Bulls And Bears

Bears continue to maul Asian markets

Respite from China market closures, but investors still exit ahead of US jobs report

The bear kept its chokehold on regional markets yesterday as investors sold down ahead of the latest United States jobs report.

Mainland Chinese markets were closed for a holiday, so investors had a respite from further shocks there, but Asia-Pacific shares still ended in the red.

Hong Kong lost 0.45 per cent, Kuala Lumpur was down 0.85 per cent and Tokyo ended 2.15 per cent lower. At home, the benchmark Straits Times Index (STI) closed 42.62 points or 1.47 per cent lower at 2,863.81. It was down 3.12 per cent for the week.

Excluding Japan, Asia-Pacific shares lost more than 4 per cent overall this week - their worst five-day streak in four years.

Remisier Desmond Leong said people were spooked by the rout in China. He said the focus is now on the US, as new jobs data gives a clue to economic conditions there and perhaps when a rate hike will come.

"But sentiments have definitely weakened," he said, "and the string of weak data in Asia does not give much reason for confidence."

The US non-farm payroll report, released after Asian bourses closed yesterday, showed 173,000 new jobs were created last month - fewer than expected.

Apart from concerns over the US and China's lacklustre export and manufacturing figures, local investors are also worried about conditions here. Economists have cut third-quarter growth forecasts from 2.9 per cent to 2.1 per cent.

"Many are waiting on the sidelines to see how things go next week. If the Chinese markets open poorly, the STI could test another new low," Mr Leong said.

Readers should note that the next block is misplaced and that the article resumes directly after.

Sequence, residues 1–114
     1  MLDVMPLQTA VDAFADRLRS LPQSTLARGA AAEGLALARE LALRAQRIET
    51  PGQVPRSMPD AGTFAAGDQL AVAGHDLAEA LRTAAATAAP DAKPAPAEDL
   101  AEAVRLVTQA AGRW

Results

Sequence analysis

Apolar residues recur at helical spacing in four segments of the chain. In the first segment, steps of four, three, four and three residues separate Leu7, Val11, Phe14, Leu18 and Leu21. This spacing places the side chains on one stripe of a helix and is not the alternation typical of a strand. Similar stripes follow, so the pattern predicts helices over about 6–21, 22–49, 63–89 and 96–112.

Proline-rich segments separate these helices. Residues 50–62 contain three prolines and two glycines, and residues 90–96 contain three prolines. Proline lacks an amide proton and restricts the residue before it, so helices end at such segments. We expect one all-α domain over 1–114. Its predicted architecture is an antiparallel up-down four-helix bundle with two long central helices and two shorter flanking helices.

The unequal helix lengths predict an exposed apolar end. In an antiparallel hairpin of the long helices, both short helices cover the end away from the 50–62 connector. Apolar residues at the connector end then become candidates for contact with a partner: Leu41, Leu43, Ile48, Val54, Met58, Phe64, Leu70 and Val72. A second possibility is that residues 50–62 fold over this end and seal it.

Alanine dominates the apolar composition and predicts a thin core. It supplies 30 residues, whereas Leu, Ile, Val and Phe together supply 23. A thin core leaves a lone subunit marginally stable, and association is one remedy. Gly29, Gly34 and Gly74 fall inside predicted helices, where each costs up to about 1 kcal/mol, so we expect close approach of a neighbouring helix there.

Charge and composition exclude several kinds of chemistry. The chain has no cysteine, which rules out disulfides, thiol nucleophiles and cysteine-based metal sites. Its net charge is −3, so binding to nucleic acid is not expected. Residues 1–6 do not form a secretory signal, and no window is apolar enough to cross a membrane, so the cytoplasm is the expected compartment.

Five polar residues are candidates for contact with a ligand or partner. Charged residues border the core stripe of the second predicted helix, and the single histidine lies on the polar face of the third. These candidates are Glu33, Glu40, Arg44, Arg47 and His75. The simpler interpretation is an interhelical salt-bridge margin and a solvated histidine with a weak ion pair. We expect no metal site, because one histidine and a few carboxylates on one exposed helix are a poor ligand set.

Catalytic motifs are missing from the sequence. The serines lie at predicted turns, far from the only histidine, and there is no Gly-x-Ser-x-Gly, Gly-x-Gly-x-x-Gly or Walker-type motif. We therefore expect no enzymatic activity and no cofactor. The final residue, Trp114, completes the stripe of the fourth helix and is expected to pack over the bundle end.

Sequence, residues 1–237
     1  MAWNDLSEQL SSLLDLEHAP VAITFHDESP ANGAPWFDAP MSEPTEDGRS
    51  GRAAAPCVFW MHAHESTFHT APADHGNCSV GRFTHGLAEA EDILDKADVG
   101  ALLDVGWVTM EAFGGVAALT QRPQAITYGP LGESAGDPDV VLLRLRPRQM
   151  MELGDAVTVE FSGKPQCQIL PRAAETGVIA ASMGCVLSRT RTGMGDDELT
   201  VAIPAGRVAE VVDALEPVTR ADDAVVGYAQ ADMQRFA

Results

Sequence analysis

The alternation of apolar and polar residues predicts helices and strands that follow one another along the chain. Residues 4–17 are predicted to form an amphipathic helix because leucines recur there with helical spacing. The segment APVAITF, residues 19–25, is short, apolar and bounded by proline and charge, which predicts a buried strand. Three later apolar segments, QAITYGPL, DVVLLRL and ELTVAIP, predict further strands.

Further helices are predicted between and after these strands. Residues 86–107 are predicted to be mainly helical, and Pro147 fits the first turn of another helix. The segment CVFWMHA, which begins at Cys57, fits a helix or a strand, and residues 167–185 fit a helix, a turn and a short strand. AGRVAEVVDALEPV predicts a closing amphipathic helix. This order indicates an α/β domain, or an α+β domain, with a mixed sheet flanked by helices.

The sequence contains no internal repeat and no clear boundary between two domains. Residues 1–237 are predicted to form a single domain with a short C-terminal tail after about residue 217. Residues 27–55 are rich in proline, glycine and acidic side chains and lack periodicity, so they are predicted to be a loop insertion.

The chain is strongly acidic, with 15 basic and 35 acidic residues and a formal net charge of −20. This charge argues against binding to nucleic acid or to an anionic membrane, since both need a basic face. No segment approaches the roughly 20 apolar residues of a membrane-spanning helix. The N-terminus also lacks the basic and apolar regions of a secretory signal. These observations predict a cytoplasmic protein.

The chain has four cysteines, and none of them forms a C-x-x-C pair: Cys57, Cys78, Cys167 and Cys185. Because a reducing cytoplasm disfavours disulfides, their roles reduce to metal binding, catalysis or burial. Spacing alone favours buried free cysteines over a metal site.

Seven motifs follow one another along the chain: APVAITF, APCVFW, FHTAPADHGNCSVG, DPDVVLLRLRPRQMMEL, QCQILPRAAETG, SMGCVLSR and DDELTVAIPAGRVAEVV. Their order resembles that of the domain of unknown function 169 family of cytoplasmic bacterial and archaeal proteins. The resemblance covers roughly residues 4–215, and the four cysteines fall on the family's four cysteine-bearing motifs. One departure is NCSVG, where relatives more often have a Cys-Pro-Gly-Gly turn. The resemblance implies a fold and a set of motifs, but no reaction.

Not surprisingly, 27 of the 30 STI constituent counters fell yesterday. Only SIA Engineering rose, by one cent to $3.40. CapitaLand Mall Trust and Thai Beverage ended flat.

Among blue chips, the main loser was Hutchison Port Holdings Trust, which fell 2.5 US cents to 54 US cents, snapping a two-day advance. Global Logistic Properties was down nine cents at $2.04.

The three counters to be removed from the STI - Jardine Matheson Holdings, Jardine Strategic Holdings and Olam International - were all down by over 2 per cent, a day after the announcement.

Jardine Matheson fell US$1.12 to US$49.20, Jardine Strategic closed 73 US cents down at US$27.72, and Olam lost five cents, ending at $1.98.

The trio set to replace them on Sept 21 in the STI - UOL Group, Yangzijiang Shipbuilding Holdings and Sats - were boosted by their newfound stature.

UOL gained three cents to $6.08 while Yangzijiang Shipbuilding was up 2.5 cents at $1.085. Sats was up the most, rising 19 cents to $3.71.

"The three counters definitely benefited from the news that they will enter the STI soon. This means more fund managers will look at them as options for building positions. I expect some short-term boost to their prices," Mr Leong said.

A version of this article appeared in the print edition of The Straits Times on September 05, 2015, with the headline 'Bears continue to maul Asian markets'. Print Edition | Subscribe